Doing our best to manage stress is another important part of caring for the body and mind. When the body is under ongoing stress, the adrenal glands produce higher levels of the stress hormone, cortisol, which over time can have an impact on your health.
‘Stress eating’ is a real thing
There’s truth behind the phrase ‘stress eating’. That stress hormone, cortisol, actually increases your appetite. When stressed, we’re are also more likely to eat foods that are high in fat and sugar – either because we are eating fast or more processed foods to save time, or because we are craving comfort food. This is actually the opposite of what your body needs at this time! On the other hand, eating nutrient-rich foods can help improve mood, enhance energy and support your immune system.
Important nutrients for stress management.
Try integrating more of these nutrients into your meals and snacks during times of high stress:
- Vitamin C lowers levels of the stress hormone, cortisol, and supports the immune system. Citrus fruits, capsicum, broccoli and leafy greens are all good sources.
- Magnesium assists with sleep and relaxation. Whole grains, beans and lentils, avocados, leafy greens, nuts, seeds and salmon are amongst the best sources. And dark chocolate!
- Omega-3 fatty acids help to reduce inflammation and cortisol levels. Fatty fish such as salmon and tuna are great sources, while vegetarians can boost their omega-3s with nuts and seeds.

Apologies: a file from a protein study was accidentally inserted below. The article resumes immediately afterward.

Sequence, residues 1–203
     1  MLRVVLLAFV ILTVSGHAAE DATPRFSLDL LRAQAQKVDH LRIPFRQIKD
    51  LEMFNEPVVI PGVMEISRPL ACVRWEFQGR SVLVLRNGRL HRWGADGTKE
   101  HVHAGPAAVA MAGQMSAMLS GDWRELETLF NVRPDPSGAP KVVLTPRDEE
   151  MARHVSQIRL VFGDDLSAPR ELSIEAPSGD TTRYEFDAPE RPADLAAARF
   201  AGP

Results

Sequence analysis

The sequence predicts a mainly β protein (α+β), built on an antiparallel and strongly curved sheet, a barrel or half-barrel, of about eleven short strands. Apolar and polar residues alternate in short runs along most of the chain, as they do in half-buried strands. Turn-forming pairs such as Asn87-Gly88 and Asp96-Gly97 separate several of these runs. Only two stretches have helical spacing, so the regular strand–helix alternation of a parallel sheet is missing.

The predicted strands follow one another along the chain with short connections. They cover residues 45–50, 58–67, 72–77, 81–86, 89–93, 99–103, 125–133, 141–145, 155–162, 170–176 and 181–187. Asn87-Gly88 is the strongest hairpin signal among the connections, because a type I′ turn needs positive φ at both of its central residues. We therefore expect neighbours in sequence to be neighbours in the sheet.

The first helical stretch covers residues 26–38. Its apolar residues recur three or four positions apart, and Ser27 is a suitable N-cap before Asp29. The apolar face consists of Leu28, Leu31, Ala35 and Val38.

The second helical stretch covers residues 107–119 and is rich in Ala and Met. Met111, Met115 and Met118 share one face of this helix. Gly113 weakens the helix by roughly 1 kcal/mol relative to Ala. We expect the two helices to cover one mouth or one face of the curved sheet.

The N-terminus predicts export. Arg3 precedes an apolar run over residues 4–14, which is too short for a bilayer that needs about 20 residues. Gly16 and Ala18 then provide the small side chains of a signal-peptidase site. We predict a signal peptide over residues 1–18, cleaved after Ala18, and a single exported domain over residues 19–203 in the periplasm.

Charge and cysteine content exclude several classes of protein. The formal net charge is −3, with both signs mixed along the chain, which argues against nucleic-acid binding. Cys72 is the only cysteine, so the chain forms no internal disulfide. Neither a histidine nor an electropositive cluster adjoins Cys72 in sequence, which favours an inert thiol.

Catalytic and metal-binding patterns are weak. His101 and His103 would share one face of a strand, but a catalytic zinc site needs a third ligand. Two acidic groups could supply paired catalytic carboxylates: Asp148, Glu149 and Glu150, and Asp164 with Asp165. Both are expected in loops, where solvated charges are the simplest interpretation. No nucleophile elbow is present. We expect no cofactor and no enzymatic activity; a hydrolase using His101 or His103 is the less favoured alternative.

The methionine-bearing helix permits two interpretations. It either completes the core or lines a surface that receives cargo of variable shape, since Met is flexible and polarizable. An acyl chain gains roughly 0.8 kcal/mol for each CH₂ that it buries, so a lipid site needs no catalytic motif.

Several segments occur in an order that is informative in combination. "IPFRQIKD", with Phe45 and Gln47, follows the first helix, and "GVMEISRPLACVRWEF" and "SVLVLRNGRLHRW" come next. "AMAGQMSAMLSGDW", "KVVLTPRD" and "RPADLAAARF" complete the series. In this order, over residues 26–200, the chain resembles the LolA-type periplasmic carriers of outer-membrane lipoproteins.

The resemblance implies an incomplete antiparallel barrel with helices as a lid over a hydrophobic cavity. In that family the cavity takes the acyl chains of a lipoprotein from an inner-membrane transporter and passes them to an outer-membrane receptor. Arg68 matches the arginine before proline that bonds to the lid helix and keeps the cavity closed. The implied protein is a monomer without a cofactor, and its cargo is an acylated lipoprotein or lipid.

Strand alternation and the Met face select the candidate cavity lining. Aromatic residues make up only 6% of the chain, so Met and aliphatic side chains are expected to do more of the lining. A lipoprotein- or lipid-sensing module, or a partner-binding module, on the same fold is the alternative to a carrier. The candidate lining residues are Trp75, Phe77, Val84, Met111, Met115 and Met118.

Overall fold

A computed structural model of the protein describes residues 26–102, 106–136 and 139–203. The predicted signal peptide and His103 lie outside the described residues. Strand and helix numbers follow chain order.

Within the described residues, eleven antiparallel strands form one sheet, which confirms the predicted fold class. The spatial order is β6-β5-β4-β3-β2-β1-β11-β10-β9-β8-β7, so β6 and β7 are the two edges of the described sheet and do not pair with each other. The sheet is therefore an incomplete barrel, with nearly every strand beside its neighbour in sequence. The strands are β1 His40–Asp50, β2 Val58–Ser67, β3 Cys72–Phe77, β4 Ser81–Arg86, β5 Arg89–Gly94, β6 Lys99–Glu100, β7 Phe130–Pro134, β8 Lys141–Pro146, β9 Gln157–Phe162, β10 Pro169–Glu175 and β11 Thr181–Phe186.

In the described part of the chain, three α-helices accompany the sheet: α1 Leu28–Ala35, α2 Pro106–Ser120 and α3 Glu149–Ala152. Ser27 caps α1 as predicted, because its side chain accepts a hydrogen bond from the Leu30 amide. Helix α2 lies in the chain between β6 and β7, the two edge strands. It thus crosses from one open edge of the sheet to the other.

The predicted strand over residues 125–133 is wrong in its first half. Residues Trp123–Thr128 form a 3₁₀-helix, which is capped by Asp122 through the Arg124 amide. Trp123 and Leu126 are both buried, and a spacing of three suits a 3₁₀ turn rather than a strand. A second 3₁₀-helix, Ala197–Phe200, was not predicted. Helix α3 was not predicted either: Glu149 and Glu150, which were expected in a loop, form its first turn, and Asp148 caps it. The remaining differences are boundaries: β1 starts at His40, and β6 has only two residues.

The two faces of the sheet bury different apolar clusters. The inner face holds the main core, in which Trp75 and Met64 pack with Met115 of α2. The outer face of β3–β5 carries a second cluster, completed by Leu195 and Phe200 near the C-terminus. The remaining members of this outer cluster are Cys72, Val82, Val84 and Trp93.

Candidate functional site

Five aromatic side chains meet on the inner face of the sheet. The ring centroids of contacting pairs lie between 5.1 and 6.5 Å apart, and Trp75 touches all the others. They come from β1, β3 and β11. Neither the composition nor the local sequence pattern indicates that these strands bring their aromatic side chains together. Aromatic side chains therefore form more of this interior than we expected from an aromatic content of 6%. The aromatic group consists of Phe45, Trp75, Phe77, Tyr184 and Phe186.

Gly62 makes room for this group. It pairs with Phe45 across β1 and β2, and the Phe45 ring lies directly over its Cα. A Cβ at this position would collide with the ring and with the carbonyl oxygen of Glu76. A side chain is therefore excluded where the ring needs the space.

- B vitamins can help toreduce fatigue and boost mood. Look to salmon, leafy greens, soy products, eggs, wholegrains, legumes like chickpeas, sunflower seeds, lean meat and milk for your B vitamins. Nutritional yeast is also a great source, especially for vegans.
Top tips for eating well now
Here are our top tips for eating well while we are in ‘hibernation’. We hope you find them helpful – both for yourself and your customers:
Try out some new recipes – Having more time at home is a great opportunity to try some new recipes. Try opening up one of the cookbooks that’s been gathering dust on your bookshelf and pick a recipe with lots of vegetables and wholegrains.
- Cook with your family or housemates – Preparing food and eating together is a great way to relax and connect with each other.
- Have a virtual dinner party –Although it’s not possible to have friends and extended family over for meals at the moment, you can still connect over a video platform to have a virtual dinner party.
- Chose healthy snacks –When we are indoors a lot of the time, it can be easy to snack a lot or reach for a bag of chips when we feel peckish. Try snacking on nuts and seeds, or cut up fresh vegetables with hummus instead.
- Enjoy green, white, black and chamomile tea, which have all been shown to reduce cortisol levels and calm the nervous system. Getting up to make a cup of tea is also a good way to break up a day in front of the computer.
- Treat yourself to dark chocolate – If you need a sweet treat, indulge in a couple of squares of your favourite dark chocolate (at least 70 per cent cocoa solids is ideal) and know that it is doing you good.
ExploreIM Integrative Medicine. Eat Right, Drink Well, Stress Less. Available from https://exploreim.ucla.edu/nutrition/eat-right-drink-well-stress-less-stress-reducing-foods-herbal-supplements-and-teas/. Accessed April 2020.